There's been a lot of talk over the past few years about mansplaining and manspreading, but mantraps? Interesting. Seriously though, it begs the question, would something like this be practical if implemented in a school, airport or sports arena scenario? -- IFPO.
By Dale Gigandet, managing director and founder of Security Entry Consultants
originally published at SecurityMagazine.com
Security mantraps came into use during the 16th century and were mechanical devices used for catching poachers and trespassers.
Today, a security mantrap is commonly described as a small room, area or compartment that is designed to temporarily hold (trap) an individual between two doors (barriers) so that their credentials can be verified before granting access.
Verification may be manual, with security personnel doing the verification, or automatic, with technology doing the verification. Most systems installed today are automatic with various integrated technologies to enhance security, safety and prevent unauthorized entry.
Security mantraps are commonly found in high-security, mission-critical facilities (e.g., government, military, critical infrastructure), but can also be found in many commercial and industrial facilities (e.g., banking, data centers, pharmaceutical, health care, airports, casinos, executive suites, high-end retail, R&D labs).
Some of the key drivers for using security mantraps include the ability to detect and prevent tailgating and piggybacking incidents in unmanned locations, satisfying various regulatory compliance standards (e.g., GDPR, GLBA, PCI DSS, HIPPA, FISMA, SOX) by restricting access to critical information systems, and protecting against other security threats that have become more prevalent in the world today (e.g., espionage, terrorism, theft, vandalism, protests, etc.).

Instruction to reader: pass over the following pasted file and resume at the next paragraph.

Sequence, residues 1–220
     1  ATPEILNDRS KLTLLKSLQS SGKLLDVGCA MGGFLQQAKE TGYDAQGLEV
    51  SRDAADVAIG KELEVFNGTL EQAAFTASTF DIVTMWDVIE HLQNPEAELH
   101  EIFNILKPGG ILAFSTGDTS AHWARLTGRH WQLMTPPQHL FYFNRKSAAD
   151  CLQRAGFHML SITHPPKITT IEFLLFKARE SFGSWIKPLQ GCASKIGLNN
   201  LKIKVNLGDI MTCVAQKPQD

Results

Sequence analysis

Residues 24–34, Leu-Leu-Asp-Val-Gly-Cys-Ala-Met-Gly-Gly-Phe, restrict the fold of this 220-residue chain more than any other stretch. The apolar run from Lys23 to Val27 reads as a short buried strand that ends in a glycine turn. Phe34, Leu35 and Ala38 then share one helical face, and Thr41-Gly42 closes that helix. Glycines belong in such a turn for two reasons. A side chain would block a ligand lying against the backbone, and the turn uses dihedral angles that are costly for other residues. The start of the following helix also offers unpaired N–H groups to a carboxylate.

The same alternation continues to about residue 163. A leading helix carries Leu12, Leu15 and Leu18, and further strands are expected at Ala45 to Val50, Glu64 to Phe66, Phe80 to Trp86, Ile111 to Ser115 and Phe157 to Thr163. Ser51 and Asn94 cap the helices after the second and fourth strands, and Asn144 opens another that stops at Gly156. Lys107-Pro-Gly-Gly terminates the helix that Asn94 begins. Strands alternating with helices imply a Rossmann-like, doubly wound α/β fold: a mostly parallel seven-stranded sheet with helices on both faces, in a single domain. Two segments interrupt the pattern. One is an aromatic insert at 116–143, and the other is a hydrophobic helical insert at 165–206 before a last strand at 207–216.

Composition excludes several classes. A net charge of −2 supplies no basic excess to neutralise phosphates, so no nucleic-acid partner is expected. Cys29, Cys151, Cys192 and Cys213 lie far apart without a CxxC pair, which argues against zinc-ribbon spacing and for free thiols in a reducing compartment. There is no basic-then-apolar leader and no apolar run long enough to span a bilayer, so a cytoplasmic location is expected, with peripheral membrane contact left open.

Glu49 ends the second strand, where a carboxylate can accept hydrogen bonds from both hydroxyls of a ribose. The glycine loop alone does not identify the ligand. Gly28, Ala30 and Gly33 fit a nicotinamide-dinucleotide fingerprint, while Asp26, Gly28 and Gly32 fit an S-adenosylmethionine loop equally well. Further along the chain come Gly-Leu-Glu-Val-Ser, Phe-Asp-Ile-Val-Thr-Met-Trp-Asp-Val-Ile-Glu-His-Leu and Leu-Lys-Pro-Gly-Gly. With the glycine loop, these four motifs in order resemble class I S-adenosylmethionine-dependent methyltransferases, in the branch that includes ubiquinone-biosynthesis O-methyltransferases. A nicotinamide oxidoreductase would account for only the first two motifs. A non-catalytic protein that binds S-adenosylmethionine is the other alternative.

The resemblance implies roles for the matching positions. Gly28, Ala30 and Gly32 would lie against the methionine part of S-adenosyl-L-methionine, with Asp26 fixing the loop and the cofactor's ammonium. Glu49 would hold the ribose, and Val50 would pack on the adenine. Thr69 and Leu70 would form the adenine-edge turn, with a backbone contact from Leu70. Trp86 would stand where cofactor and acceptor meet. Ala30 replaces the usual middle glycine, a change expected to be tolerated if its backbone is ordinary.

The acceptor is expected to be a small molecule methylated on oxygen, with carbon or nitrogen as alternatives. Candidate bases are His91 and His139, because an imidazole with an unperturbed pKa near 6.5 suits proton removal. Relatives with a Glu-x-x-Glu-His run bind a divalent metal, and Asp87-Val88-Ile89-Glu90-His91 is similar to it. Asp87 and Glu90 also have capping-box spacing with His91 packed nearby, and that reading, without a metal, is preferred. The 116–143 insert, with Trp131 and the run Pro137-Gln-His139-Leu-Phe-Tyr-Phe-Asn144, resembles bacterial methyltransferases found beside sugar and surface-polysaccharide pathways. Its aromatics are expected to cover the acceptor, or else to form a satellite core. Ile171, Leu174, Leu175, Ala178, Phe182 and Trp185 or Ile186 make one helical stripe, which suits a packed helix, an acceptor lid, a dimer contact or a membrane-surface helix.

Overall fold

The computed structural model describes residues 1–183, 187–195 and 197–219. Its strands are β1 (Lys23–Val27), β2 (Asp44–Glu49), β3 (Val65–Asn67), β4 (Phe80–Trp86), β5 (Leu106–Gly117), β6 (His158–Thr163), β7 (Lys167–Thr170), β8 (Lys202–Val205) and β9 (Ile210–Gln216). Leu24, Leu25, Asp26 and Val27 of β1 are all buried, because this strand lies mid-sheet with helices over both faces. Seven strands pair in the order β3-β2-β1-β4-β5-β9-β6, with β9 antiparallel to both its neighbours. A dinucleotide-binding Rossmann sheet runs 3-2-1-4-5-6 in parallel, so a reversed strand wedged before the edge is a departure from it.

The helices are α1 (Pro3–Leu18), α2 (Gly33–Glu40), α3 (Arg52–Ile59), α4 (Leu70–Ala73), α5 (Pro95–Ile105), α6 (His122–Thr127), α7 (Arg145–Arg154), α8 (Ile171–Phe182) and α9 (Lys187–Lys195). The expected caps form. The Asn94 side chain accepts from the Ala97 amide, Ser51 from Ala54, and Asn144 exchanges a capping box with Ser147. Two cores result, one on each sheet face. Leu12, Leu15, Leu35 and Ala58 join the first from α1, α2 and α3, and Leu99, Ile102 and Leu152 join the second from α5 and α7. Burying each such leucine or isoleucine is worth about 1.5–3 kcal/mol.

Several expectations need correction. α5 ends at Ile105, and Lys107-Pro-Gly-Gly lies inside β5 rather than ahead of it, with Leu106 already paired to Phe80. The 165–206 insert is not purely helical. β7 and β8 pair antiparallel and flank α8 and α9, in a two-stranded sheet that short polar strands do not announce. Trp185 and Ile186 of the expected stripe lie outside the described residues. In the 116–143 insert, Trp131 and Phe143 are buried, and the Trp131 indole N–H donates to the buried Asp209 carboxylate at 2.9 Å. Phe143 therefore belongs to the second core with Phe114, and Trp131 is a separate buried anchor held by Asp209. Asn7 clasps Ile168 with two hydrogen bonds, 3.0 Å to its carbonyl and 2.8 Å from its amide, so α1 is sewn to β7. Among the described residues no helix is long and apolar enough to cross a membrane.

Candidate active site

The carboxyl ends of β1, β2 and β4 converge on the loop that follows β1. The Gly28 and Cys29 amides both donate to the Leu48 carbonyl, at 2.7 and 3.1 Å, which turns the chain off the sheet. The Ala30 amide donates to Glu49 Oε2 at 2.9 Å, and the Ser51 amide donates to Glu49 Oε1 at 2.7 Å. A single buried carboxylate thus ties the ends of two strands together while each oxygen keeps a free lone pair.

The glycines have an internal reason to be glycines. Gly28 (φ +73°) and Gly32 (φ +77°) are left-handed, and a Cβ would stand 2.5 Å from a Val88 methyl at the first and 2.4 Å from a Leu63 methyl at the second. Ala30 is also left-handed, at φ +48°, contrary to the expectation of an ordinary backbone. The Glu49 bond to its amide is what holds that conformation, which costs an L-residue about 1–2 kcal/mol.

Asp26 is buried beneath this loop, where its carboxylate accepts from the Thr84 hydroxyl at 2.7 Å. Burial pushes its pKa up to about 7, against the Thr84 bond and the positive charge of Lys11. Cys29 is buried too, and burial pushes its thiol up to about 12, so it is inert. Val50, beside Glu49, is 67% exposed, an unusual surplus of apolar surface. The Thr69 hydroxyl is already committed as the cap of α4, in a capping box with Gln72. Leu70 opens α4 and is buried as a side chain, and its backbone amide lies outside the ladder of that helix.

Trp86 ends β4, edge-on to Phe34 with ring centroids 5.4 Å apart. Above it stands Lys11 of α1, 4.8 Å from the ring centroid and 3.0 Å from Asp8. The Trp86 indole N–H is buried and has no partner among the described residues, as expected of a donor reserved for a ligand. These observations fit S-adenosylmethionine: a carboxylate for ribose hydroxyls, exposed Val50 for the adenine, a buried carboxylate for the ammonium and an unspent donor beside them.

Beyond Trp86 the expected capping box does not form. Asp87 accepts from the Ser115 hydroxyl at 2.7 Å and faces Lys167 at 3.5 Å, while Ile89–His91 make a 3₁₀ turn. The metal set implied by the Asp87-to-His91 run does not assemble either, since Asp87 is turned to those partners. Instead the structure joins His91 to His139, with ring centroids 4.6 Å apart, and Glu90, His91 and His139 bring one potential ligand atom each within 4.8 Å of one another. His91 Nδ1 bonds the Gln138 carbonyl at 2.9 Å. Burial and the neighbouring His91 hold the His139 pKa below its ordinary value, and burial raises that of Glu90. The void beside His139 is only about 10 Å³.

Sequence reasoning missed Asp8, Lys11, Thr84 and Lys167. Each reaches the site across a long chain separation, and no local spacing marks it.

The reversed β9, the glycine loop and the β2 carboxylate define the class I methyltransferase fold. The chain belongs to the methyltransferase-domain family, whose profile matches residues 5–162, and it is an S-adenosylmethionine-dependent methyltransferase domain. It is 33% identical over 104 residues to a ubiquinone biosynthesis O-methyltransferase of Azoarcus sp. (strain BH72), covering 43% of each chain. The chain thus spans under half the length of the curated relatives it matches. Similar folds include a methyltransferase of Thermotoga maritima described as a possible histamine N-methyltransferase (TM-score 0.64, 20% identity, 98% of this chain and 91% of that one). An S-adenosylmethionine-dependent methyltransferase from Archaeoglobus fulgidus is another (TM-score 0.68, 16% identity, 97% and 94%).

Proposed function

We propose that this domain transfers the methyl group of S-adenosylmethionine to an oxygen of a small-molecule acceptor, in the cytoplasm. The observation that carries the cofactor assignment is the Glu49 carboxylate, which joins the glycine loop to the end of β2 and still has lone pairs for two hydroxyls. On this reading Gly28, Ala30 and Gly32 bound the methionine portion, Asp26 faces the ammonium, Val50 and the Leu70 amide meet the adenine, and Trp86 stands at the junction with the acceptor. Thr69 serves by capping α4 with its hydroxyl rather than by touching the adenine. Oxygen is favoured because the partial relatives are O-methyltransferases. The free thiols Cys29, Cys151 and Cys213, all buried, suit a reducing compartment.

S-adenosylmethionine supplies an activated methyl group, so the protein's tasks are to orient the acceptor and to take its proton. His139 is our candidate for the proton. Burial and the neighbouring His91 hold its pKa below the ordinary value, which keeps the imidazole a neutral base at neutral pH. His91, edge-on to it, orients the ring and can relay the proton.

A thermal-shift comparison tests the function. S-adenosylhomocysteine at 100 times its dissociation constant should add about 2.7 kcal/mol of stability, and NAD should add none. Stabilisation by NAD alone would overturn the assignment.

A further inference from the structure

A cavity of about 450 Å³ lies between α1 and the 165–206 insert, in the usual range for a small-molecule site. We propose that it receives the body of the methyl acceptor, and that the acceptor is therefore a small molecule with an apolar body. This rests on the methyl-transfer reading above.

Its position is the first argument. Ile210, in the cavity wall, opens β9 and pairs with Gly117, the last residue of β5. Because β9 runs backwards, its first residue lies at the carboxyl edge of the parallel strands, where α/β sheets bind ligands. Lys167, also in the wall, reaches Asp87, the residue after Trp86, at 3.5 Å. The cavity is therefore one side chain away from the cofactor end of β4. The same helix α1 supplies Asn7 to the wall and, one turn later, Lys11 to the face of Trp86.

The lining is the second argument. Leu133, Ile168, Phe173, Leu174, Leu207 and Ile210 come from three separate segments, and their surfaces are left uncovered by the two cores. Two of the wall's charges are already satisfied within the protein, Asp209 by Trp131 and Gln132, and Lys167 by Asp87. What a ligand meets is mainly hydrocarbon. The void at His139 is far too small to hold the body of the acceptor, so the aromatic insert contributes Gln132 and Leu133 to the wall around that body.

International Foundation for Protection Officers Mission Statement
Mission Statement Part I.
The International Foundation for Protection Officers provides professional learning opportunities for security practitioners, to impart the knowledge, skills, and competencies required to maximize job performance and enhance career potential.
Purpose: to make a positive difference in the quality of the participant’s job performance and elevate the professional status of students who partake of our learning opportunities.
Business: to supply committed security practitioners with a quality education to help achieve their highest potential and provide recognized accreditation for successful completion of educational goals.
Values: commitment, integrity, responsibility, and standards of excellence, provide the platform that supports our journey as we pursue our mission.
Commitment to Excellence: To be the recognized center of excellence and primary provider of education and training products and services to the security industry.
Mission Statement Part II.
“The International Foundation for Protection Officers is committed to the support and professional development of protection officers and supervisors. Through advocacy, promoting training standards, and providing accessible training, education and certification opportunities, we seek to enhance their professional standing as well as increase and diversify the value of the vital services they provide.”